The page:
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bence8810 12-05-2006 05:00 PM

DNS Server for 2 domains - Bind9
 
Hi

I have high hopes that one day I may master linux :) However, I am not yet even a beginner. Having said that, I hope you wont beat me up too much for asking a stupid question.

I have used a WebHosting service for 3-4 years now, and I am thinking on moving all to my local server. These sites are not very important, non commercial sites, even if they are down for a week, it wont matter.

I have a single server, and I want to set up DNS. I know for DNS, I need two servers at least, but I only have one. Can this still be done? Like ns1.domain.com and ns2.domain.com are both pointing to the same Server, same IP?

Now the thing I cannot figure out, and I am sure is very simple.
I have two domains. A.LNX and B.LNX for example. I want to host my own DNS for both. Is it possible? I am with Godaddy, and when I go there to change my DNS servers, what do I put? Now both A.LNX and B.LNX are pointed to my webhost. I would like to make A.LNX my DNS domain, such as ns1.a.lnx. Now, if I go to my Registrar to change A.LNX's DNS servers, can I set it to ns1.a.lnx already? I think it would not resolve, right? I mean it sounds silly that its being pointed at itself..... Please clear this up, I am lost....

I guess once I have the first domain set, I can point the second domain to the first for DNS.

Thanks for any help, and sorry for the ambiguous message, at least it is for me.

Ben

chort 12-05-2006 05:39 PM

When you specify DNS servers with your registrar, if they aren't "well-known" DNS servers you need to give their IP addresses. The last time I was setting this up it required two DNS servers that resolve to different IPs. I don't know if GoDaddy requires that (I already had two when I switched to GoDaddy). If you can get two static IP addresses, you can just use port forwarding to send both of the IPs to the same server. Regardless, you need two DNS servers at minimum with your registrar and you need to setup with your registrar what their IPs are (staticly defined hosts).

You can use the same DNS servers for more than one domain. That is not a problem.

gani 12-06-2006 02:32 AM

We're just running one DNS server. Although in our registrar, we pointed our NS servers to two different IP just to fake our registrar that we have two but in reality, only one is currently existing. This is possible if you have more than one public IP address.

Here is our setup:

5 IP addresses
IP1 = ourdomain.com
IP2 = used by the gateway of a separate LAN
IP3 = reserved for other purposes
IP4 = ns1.ourdomain.com
IP5 = ns2.ourdomain.com # non-existent host

IP1 = ourdomain.com = mail.ourdomain.com = otherdomain.com = mail.otherdomain.com
= www.ourdomain.com = www.otherdomain.com

bence8810 12-06-2006 05:22 AM

Hi

Thanks for the answers.

So basically speaking, without having 2 Static IP's, I cannot really do anything, right? I have only 1 Static, and a friend of mine has a Dynamic with a DDNS domain name attached to it, but I guess that is for no use since the Static IP is needed.

In these respects, I can forget having my own DNS hosted. However, I would still like to have a DNS server for internal purposes, so in case I want to make a specific DNS entry, I could.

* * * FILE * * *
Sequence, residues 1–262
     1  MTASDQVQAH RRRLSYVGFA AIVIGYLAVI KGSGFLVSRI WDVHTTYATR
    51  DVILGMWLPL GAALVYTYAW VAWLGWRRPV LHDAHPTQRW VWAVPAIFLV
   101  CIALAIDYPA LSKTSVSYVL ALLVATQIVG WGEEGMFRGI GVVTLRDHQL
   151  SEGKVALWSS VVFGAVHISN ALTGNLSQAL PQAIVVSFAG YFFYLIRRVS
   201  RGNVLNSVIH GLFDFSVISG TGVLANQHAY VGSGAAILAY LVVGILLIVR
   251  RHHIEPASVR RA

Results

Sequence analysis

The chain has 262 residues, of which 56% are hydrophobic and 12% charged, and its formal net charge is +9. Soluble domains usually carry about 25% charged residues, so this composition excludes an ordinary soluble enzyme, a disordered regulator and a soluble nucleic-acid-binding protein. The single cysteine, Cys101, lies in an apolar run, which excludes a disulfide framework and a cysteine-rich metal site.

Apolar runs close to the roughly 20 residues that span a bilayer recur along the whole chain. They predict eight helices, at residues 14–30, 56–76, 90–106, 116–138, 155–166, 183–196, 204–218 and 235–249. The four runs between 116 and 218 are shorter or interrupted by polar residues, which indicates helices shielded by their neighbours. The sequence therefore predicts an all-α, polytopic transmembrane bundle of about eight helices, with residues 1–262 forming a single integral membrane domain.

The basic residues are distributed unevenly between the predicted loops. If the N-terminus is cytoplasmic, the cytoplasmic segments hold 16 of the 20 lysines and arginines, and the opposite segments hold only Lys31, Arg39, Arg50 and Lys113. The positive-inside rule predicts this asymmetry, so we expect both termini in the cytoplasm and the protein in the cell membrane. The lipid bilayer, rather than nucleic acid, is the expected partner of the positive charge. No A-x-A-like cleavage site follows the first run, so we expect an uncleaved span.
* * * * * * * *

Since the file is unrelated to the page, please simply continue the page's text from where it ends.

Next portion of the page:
Would BIND9 be still useful for me in this case?

I am on a VPN most times when I am at home, and there are names I need to resolve, and the only way would be with a sustom DNS server, where I can specify.

server.fakevpndomain.loc should point to 10.10.10.10 for example.

Can I use Bind for this?

Thanks

Ben

gani 12-06-2006 06:00 AM

If you are mentioning of an internet site that can't be resolved, it's no longer your responsibility but of your ISP. You need to talk to them why there is certain site in the internet that your DNS can't resolve for me.

If you are planning to create a local/internal only domain so that you can access your local hosts/computers using names and not IP, you can build your own local DNS and as well use that as your local caching server.

BIND as what I feel, is still the widely used DNS server and for startups I can recommend this tutorial that I myself started from:

http://langfeldt.net/DNS-HOWTO/BIND-9/

bence8810 12-06-2006 07:48 AM

Hi

I actually mean, that from home I connect to a corporate Lan, which has its own internal domain, and unless I have one of their DNS servers among my DNS's, then I wont be able to use outlook, etc. It doesnt work on purely IP bases.

What I think of doing is to have my Linux server as my primary DNS server, and it would work as a forwarder except for the VPN fake domain. Lets says its

company.global.loc

Now I need somethimes to access outlook through

exchange.company.global.loc and its obviously not resolvable from the outside, just with the company's DNS servers, which are also only reachable in the VPN area, so if I am not connected to VPN, but have the company's DNS as my DNS server, I cannot do anything on the internet as the DNS is not reachable. Until 2nd-ary DNS kicks in, I am out of luck. This is about a 10-20 sec latency, quite annoying.

Thanks

Ben

gani 12-08-2006 12:55 AM

Try to use your Linux server as a local DNS caching server and use that as your DNS, i.e., its IP. But that (your server) should be able to connect to the internet.

Just follow the link I gave earlier, it has the instructions on how to do this. Actually this is just some few steps and just two lines in /etc/resolv.conf

lookup file bind
nameserver 127.0.0.1

If your desktop is Linux (that I thought not since your are mentioning about outlook), install there a caching nameserver and you will become mobile that won't need updating your nameservers entries in resolv.conf everytime you transferred to another place and network.